Choosing a new digital camera can be quite overwhelming. There are many choices, options and price points. Which one is the best? Perhaps the better question would be, “What is the best digital camera for me?” Reflecting on how you are likely to use the digital camera will help you make the best decision. A casual shooter who wants to get pictures of the kids to email to family and friends has different needs than a professional photographer.
One of the first statistics to consider about a digital camera is the resolution of the digital camera sensor, the bit that converts light into a digital file. The resolution is expressed in megapixels, or millions of picture elements. Generally more is better. However, remember that the digital sensor is like the film in a film camera. Both the super cheap cameras and professional camera may take the same film, but the resulting images will be very different. The lens, and in the case of digital cameras, the image processing software make a tremendous difference. Look at the lens; words like coated optics and aspherical elements are good. If the digital camera has a lens made by Zeiss, Rodenstock, Schneider or other major lens companies, it can make a big difference. Some major digital camera brands (Kodak, Canon, Nikon) make their own superb lenses as well. Better lenses result in sharper, clearer pictures and better colors.
As far as megapixels are concerned, 2 or 3 megapixels will yield a 5×7 inch print that is comparable to a print from film. Greater resolution will enable larger prints. If you only do the occasional enlargement and mostly get standard sized prints (or simply enjoy your pictures on the computer) don’t get overly stressed about the resolution. Most consumer cameras are in the 6-10 megapixel range, which will do for almost all applications.
Optical Zoom is often another confusing issue. Optical zoom lets you get closer to the action with actually moving. My wife was photographing a grizzly bear and wanted more than a tiny brown dot in the middle of her picture, but she also wanted to keep a nice, safe distance back. The zoom feature on her digital camera brought the image of the bear much closer. Optical zoom uses your camera’s lens to magnify the image whereas digital or software zoom works with the digital camera’s sensor to enlarge the image. Using the digital zoom can quickly result in pixellated or blocky looking pictures, so a greater range of optical zoom is usually preferable.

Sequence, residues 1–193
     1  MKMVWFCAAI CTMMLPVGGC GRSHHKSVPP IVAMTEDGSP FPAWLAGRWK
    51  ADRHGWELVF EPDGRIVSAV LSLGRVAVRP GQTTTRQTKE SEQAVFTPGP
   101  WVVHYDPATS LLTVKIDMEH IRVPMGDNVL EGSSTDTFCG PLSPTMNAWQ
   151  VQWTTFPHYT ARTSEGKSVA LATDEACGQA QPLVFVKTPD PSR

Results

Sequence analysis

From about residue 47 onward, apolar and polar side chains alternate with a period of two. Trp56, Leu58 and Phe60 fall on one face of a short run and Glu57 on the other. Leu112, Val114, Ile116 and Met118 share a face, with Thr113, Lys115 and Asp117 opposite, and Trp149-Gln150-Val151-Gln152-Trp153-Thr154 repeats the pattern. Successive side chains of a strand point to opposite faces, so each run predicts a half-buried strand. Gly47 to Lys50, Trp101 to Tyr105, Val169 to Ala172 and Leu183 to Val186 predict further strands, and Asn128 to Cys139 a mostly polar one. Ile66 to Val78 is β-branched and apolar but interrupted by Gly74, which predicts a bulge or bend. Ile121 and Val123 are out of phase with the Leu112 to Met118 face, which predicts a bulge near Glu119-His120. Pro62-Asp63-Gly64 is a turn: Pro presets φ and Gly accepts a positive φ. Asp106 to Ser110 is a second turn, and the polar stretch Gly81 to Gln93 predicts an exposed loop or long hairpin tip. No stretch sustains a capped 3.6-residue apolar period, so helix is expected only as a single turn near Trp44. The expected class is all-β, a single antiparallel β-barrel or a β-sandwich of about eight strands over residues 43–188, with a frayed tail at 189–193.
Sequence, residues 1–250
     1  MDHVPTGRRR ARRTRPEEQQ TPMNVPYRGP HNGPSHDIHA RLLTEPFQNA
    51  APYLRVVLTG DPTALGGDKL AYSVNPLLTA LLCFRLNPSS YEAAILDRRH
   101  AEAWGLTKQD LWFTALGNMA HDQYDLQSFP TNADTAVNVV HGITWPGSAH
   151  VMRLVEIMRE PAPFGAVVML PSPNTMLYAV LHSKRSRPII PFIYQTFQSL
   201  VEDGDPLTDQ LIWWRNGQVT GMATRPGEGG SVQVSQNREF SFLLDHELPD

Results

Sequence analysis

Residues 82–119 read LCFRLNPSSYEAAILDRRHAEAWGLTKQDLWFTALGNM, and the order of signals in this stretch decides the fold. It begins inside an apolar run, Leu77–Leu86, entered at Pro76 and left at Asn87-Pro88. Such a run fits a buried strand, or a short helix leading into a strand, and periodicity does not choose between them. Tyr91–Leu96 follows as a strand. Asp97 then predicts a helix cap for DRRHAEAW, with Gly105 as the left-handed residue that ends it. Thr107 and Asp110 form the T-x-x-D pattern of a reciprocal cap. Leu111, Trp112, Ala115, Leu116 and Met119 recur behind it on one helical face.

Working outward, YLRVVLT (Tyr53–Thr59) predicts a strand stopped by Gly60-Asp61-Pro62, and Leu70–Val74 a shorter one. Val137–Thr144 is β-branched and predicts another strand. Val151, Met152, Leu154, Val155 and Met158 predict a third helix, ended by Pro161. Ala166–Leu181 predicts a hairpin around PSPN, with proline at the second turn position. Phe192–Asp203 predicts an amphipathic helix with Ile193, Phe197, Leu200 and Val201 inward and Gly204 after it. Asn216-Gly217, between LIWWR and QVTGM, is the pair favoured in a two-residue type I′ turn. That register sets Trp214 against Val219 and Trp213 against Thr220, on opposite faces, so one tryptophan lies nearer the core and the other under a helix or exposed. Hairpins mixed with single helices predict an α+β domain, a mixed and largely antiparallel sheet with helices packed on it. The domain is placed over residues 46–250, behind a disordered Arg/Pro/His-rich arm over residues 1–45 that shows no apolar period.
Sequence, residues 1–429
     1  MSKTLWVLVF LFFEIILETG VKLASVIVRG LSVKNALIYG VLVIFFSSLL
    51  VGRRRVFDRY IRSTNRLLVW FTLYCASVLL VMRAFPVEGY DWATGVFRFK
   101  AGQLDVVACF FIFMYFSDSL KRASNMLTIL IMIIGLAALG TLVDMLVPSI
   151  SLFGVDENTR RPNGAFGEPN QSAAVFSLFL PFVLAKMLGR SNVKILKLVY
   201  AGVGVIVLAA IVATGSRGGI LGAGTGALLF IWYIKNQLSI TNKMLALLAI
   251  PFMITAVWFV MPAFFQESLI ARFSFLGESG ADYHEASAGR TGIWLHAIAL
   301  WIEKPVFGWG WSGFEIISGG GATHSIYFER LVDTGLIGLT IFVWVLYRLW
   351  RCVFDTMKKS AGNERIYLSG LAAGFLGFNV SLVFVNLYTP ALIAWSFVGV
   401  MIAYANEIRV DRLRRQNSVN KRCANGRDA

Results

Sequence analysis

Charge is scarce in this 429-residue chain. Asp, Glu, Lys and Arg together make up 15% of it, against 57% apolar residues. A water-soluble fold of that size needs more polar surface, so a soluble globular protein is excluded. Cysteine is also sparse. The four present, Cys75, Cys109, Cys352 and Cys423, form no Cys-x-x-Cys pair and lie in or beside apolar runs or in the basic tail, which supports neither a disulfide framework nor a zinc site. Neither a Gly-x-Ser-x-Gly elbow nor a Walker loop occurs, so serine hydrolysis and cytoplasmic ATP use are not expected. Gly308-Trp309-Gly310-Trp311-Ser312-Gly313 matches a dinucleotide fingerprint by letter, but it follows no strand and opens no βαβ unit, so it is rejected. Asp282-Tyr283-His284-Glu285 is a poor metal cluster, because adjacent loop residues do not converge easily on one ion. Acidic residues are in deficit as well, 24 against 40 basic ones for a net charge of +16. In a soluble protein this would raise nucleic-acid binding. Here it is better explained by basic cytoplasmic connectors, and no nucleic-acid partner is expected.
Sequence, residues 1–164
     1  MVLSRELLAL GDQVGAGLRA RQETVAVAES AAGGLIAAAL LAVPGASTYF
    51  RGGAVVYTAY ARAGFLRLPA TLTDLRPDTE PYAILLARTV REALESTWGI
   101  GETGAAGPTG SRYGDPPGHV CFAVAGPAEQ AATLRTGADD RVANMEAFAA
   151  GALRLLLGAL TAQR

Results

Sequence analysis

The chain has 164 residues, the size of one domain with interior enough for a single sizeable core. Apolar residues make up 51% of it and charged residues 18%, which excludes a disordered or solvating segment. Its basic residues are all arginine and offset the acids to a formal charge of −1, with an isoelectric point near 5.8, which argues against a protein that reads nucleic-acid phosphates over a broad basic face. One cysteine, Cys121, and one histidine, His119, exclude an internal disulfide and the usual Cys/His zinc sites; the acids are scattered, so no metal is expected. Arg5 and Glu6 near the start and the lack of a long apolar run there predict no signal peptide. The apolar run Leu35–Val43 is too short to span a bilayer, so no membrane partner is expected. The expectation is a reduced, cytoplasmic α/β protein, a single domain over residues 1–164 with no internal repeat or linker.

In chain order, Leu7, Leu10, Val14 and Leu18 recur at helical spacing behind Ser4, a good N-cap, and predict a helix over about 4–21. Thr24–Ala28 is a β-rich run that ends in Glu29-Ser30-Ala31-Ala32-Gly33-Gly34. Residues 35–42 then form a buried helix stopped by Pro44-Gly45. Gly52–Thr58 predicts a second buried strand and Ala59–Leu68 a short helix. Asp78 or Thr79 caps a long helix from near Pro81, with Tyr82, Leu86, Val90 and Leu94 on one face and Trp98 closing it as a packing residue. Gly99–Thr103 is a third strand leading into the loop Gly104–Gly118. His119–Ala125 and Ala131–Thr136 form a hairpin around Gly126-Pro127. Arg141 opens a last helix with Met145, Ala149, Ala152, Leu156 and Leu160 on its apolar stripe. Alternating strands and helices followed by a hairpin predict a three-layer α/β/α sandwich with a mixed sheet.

Video Recording is another nice option. It won’t replace your camcorder, but having the option to capture a quick clip with sound is nice. This feature is rapidly evolving and most of the high-end digital cameras offer video capture in high-definition.
Low Light Photography; the ability to take acceptable pictures without using the flash is another important aspect in choosing a digital camera. Light sensitivity is often referred to using ISO Numbers or an ISO Rating, and higher numbers mean more sensitivity. Many times using a flash is impolite or impractical. Many concerts and museums don’t allow flash photography, and the tiny flash on most cameras is only designed to reach across the room, not across a stadium. Shooting in low light requires a steady hand or a tripod and digital “noise” becomes a problem. Noise is a term for the bits of wrong color or grain that appear in digital pictures. Cameras with higher ISO settings (1,600; 3,200) tend to control it better.
Flexibility. When first choosing a digital camera, most photographers will use the fully automatic mode that all cameras come with. However, with experience, most shooters will want the flexibility to control more aspects of the camera operation. Different shooting modes or direct control of shutter and aperture are how that is achieved. But if the thought of leaning about all these modes and buttons is overwhelming, then perhaps a simpler, fully automatic camera would be more enjoyable. The whole point is to capture images that make you happy, and the digital camera, whether simple or complex is merely a tool toward that end.
When choosing a digital camera, all of these options and considerations can seem quite overwhelming. Perhaps the best thing to do is decide how you’re most likely to use the camera most of the time, and then decide which options are worth paying for and which are not. Sources such as Popular Photography (www.popphoto.com) and Shutterbug (www.shutterbug.com) offer great equipment reviews as well has helpful information.